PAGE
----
The crypto party in India could be coming to an abrupt end as the government cracks down on major exchanges illegally operating in the country. In a statement on December 28, India’s Financial Intelligence Unit (FIU) issued notices to several prominent crypto trading platforms, including Binance, Kraken, Bittrex, Bitstamp, KuCoin and Huobi. Coinbase stopped serving Indian customers in September 2023.
The FIU also directed the information ministry to essentially block access to these exchanges by banning their websites.
This strong arm tactic by Indian authorities delivers a blow to the country’s burgeoning cryptocurrency sector. Over the last few years, crypto trading volumes have exploded. Investors have chased highly volatile digital tokens in an attempt to make a quick buck. According to CoinDCX CEO Sumit Gupta, 95% of trading has shifted to offshore exchanges as investors try to avoid the punishing 30% transaction tax India imposed on crypto in 2022.
However, the government is clearly in no mood to let these foreign-based exchanges continue to flout the law.
FIU’s statement suggests that they believe popular offshore platforms have been ignoring regulations. These rules mandate Know Your Customer (KYC) verification and compliance with anti-money laundering laws. Authorities seem particularly miffed that, despite benefiting from Indian traders looking to avoid taxes, these exchanges have made little effort to formally register themselves in the country.
In 2021, the enforcement directorate tried to find out whether Binance (BNB), the world’s biggest exchange, had facilitated illegal betting . Now, the company finds itself back in the crosshairs just months after agreeing to pay $4.3 billion in fines to US regulators. Its legal troubles forced co-founder Changpeng Zhao to step down as CEO in 2023.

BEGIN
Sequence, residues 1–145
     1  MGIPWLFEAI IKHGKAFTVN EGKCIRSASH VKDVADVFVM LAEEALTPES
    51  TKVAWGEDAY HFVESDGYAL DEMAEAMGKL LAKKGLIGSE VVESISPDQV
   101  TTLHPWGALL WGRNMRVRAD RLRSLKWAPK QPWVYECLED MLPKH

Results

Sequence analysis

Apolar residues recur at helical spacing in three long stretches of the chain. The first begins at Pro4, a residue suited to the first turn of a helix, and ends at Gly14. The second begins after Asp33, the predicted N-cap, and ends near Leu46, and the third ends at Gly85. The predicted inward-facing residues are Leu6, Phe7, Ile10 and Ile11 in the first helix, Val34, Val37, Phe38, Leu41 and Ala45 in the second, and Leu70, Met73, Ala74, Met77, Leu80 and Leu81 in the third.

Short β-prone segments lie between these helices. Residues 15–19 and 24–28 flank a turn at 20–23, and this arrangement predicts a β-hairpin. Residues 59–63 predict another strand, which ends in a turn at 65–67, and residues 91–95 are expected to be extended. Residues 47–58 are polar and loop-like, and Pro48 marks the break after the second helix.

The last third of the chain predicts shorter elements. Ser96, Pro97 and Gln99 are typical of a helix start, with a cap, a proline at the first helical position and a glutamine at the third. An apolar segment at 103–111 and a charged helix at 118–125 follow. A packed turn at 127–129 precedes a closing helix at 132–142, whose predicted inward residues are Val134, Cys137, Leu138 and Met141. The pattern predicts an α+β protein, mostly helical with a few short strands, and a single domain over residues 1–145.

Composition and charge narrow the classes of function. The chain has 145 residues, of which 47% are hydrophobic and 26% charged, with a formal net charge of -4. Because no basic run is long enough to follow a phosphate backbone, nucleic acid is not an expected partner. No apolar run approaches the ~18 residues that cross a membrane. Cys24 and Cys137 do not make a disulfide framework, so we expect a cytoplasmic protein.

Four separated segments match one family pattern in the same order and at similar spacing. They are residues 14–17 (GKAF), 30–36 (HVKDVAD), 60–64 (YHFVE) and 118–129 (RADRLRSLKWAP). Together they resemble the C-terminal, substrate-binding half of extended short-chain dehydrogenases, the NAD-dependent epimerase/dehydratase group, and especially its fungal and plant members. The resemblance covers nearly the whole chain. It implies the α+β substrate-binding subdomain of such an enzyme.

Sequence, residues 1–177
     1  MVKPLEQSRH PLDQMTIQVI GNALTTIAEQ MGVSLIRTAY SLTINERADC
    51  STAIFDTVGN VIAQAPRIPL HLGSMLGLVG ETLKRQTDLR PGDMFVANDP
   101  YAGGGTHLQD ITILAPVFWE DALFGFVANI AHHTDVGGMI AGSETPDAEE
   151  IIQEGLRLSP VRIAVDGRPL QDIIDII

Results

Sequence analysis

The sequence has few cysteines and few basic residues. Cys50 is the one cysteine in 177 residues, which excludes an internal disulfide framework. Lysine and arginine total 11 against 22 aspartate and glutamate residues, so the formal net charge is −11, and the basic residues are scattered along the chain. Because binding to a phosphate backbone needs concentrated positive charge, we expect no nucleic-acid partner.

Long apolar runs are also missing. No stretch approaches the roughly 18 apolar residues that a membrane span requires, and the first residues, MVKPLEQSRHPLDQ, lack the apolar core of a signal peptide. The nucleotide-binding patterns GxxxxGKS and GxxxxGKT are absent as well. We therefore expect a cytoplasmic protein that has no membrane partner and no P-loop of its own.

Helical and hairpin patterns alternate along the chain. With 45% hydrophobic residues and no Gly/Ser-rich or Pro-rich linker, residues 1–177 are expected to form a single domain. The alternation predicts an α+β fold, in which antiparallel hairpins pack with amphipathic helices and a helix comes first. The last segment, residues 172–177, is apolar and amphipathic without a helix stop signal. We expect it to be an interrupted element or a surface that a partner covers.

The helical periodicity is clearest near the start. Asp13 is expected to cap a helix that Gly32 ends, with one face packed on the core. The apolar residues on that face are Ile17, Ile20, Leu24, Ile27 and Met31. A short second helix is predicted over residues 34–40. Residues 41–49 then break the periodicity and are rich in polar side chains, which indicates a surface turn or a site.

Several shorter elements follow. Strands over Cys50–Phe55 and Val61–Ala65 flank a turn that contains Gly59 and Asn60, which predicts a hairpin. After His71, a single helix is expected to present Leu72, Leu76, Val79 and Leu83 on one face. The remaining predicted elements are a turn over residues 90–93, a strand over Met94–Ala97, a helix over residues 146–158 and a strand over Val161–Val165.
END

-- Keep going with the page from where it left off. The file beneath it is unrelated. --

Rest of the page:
With this latest crackdown, the Indian government aims to make an example out of leading crypto exchanges. It serves as a stern warning for trading platforms to fall in line and abide by the law. The bigger question is whether blocking access to offshore exchanges provides any material relief from issues like money laundering or tax evasion. After all, crypto users have been successfully flouting “bans” from many countries for years.
In September 2023, India led the G20 to endorse the Crypto-Asset Reporting Framework (CARF) and updated the Common Reporting Standard (CRS) for better tax transparency. CARF mandates standardized reporting of crypto transactions to prevent tax evasion. Meanwhile the CRS revision helps in the disclosure of foreign financial accounts.
The G20 also commended efforts by the Organisation for Economic Co-operation and Development (OECD) in increasing transparency, especially in real estate, to combat tax evasion and fraud.
India does not currently have a comprehensive set of crypto legislation similar to the European Union’s MiCa rules. Instead the country is taking a slower approach to regulating the sector, and may wait until 2025 to introduce a bill.